Ensure the gloves aren’t too big for your child, not only will this make them more likely to fall off, but they will struggle to grip anything which can be frustrating for them.
Ski Jacket and salopettes/snowsuit
The North Face Kids Ski Jacket$83.00
For all-day insulated protection, boys can hit the slopes in the updated waterproof Boys’ Freedom Insulated Jacket.
BURTON Kids’ Vent Ski Glove$26.63
DRYRIDE membrane to keep your hands dry and protected.
Check Price on Backcountry.com
Giro Launch Plus Toddler Ski Helmet$99.95
Hard Shell construction produces great helmets at great value. A rugged outer shell is molded and then attached to the EPS foam liner.
(sunglasses can be uncomfortable and not provide proper UV protection)
OutdoorMaster Kids Ski Goggles$24.99
Snow goggles compatible with any ski helmet. Suitable for boys & girls 6 years and older. Available in several different colorful lenses and frame options.
Check Price on OutdoorMaster.com
Helly-Hansen Kids LIFA Merino Wool Ski Baselayer$62.88
100% Merino Wool Exterior. Non-Itch.
Check Price on Backcountry.com
Smartwool Toddler Trio Ski Sock$35.00
They make sure to keep the sensitive little tootsies warm in Smartwool’s Toddler Trio Sock.
BLACKSTRAP Kids Dual Layer Neck Warmer$21.99
Skiers have made the dual layer tube their go to facemask for snowsports as it is soft, warm and super functional.
(not clothing, but it’s a must!)
Aveeno Kids Sunscreen Lotion$8.99 ($3.00 / Fl Oz)
From the pediatrician-recommended brand, this sunscreen lotion features a tear-free formula that is non-greasy, hypoallergenic and paraben-free, phthalate-free and fragrance-free.
5. Use Sweet Incentives
Any toddler parent will know the importance of carrying around snacks wherever you go, and this should be no different on the mountain. In fact, bring more snacks as they need all the energy they can get.
Tip: Remember that they’re on holiday, so bringing fun or special snacks could be a really exciting treat that forms a positive association with skiing.
A mid-day mountain hot chocolate is the classic kiddy incentive. The promise of a warm cup of cocoa with cream and sprinkles must have been used by every parent on the mountain, and boy does it work.
It’ll keep them warm, give them (and you!) the opportunity to rest, and will provide them with plenty of energy to carry on shredding.
Advice: The games ‘Red light, green light‘, or ‘Simon Says‘ are great, simple games that can be played on skis and involve the whole family.
For adults, the enjoyment of skiing might be the fast pace or the feeling of achievement when overcoming a steep piste. But, for little ones, their enjoyment comes from play. You can help foster this enjoyment by introducing games and encouraging them to use their imagination.
Taking your toddler over size-appropriate jumps or pretending to be racing cars will not only get your kids loving skiing but will inevitably improve their balance and coordination on skis.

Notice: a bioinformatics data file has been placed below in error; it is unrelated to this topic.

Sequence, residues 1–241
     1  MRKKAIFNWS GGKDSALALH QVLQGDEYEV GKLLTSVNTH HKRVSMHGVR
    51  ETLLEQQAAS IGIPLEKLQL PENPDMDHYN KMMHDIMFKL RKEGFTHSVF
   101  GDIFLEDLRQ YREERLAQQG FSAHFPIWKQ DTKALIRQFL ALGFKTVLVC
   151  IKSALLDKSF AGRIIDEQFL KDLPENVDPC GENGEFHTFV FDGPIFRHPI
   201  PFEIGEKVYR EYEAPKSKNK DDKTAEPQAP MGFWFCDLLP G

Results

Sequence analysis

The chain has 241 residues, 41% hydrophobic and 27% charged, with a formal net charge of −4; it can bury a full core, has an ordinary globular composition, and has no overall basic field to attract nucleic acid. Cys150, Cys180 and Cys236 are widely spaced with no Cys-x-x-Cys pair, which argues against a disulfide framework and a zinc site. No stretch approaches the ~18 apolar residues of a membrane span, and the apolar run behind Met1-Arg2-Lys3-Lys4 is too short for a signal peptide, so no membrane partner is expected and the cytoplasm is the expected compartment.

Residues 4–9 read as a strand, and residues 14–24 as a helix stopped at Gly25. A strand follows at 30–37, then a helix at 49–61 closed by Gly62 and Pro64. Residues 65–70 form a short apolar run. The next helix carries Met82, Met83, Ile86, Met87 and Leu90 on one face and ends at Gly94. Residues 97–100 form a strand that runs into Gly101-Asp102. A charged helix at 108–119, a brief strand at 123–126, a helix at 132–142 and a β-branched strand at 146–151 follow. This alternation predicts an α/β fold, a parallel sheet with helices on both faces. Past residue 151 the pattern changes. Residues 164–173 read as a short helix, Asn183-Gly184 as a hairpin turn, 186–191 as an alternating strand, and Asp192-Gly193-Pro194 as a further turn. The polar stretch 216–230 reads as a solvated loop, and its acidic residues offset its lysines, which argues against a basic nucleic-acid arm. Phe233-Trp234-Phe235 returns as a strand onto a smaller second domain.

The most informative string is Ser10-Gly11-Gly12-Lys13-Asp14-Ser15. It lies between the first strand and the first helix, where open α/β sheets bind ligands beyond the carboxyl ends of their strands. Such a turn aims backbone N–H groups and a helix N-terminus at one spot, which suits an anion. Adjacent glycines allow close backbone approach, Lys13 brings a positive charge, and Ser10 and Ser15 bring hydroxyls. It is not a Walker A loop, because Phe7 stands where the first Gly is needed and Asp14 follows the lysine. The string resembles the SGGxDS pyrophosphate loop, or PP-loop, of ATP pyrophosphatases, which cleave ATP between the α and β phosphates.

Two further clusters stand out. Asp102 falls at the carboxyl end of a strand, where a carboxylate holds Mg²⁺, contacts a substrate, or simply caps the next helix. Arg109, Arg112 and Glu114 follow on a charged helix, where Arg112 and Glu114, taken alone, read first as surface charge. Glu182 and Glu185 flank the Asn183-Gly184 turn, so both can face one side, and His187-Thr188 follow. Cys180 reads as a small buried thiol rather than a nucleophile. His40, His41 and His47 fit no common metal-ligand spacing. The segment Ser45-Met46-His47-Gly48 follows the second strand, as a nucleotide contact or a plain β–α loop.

Playing doesn’t have to just be when the skis are on. Play in the snow with your kids, have snowball fights, go sledding, or even bring some toy cars and make a race track out of snow. All of these activities will get your kid loving snow and being in the mountains.
7. Listen to them
If they’re not enjoying themselves, don’t force it. Stopping while everyone is happy is a common technique for toddler parents as you don’t want skiing to leave a bitter taste in their mouths.
Ensure that you’re giving your toddler the opportunity to let you know how they’re feeling, and listening to them will make the experience more positive for everyone. If they’re cold, go somewhere warm; if they’re tired or hungry, make sure to give them time to rest and keep them fed and hydrated.
Try not to ignore or brush off when they express fear, it’s very real to them. We all know the fear of standing at the top of a challenging run so allow them to have that fear too, even if it is just on a baby slope. Encouragement is great, but when it starts to feel forceful, it may be time to take a break.
8. Take a break
Reminder: They’ve only got little legs, and those little legs get tired!
Toddlers are much too small to do days on end of exercise so take some time out and understand that you may need to take an entire day off of skiing. Fortunately, most resorts offer lots of other activities to suit your toddler and can still provide wonderful memories for the whole family.
Taking a day off to visit the swimming pool, and playground, go sledding, and ride dog sleighs, are all unique mountain experiences for your toddler. Even a cozy afternoon watching a movie with some mountain treats could be just what they need.
9. Find the Right Accommodation
Choosing the right accommodation for you and your family can make a huge difference to your ski trip. Look for accommodation that is located on the piste with ski-in-ski-out access. Long walks to and from your accommodation with your and your toddler’s ski gear whilst they struggle to walk in ski boots will be something you’re wanting to avoid where possible.
Tip: Consider accommodation that offers a creche service and provides high chairs or cots where appropriate.
Many people opt to rent out a ski chalet and share it with friends with children. The children can entertain each other and in-chalet childcare is usually offered in resorts. This can give you the opportunity to go out skiing without the kids or even just relax with a glass of wine.
10. Keep Positive
One way to avoid stress when skiing with kids is to keep expectations low. Be as loose as you can afford to be on timing, rushing is a quick way to increase stress levels and cause arguments.
Don’t be disappointed if your toddler doesn’t immediately love skiing. Instead, try to understand what would make it more enjoyable for them and keep the experience positive.
Advice: Children feed off of your mood, if you’re stressed, it’s likely that your little one will pick up on this and be stressed too. This is easier said than done but remaining aware of this may be beneficial.
Skiing with your kids doesn’t have to be a stressful experience. If you do your research, come prepared and keep the experience positive, you’re sure to make long-lasting family memories!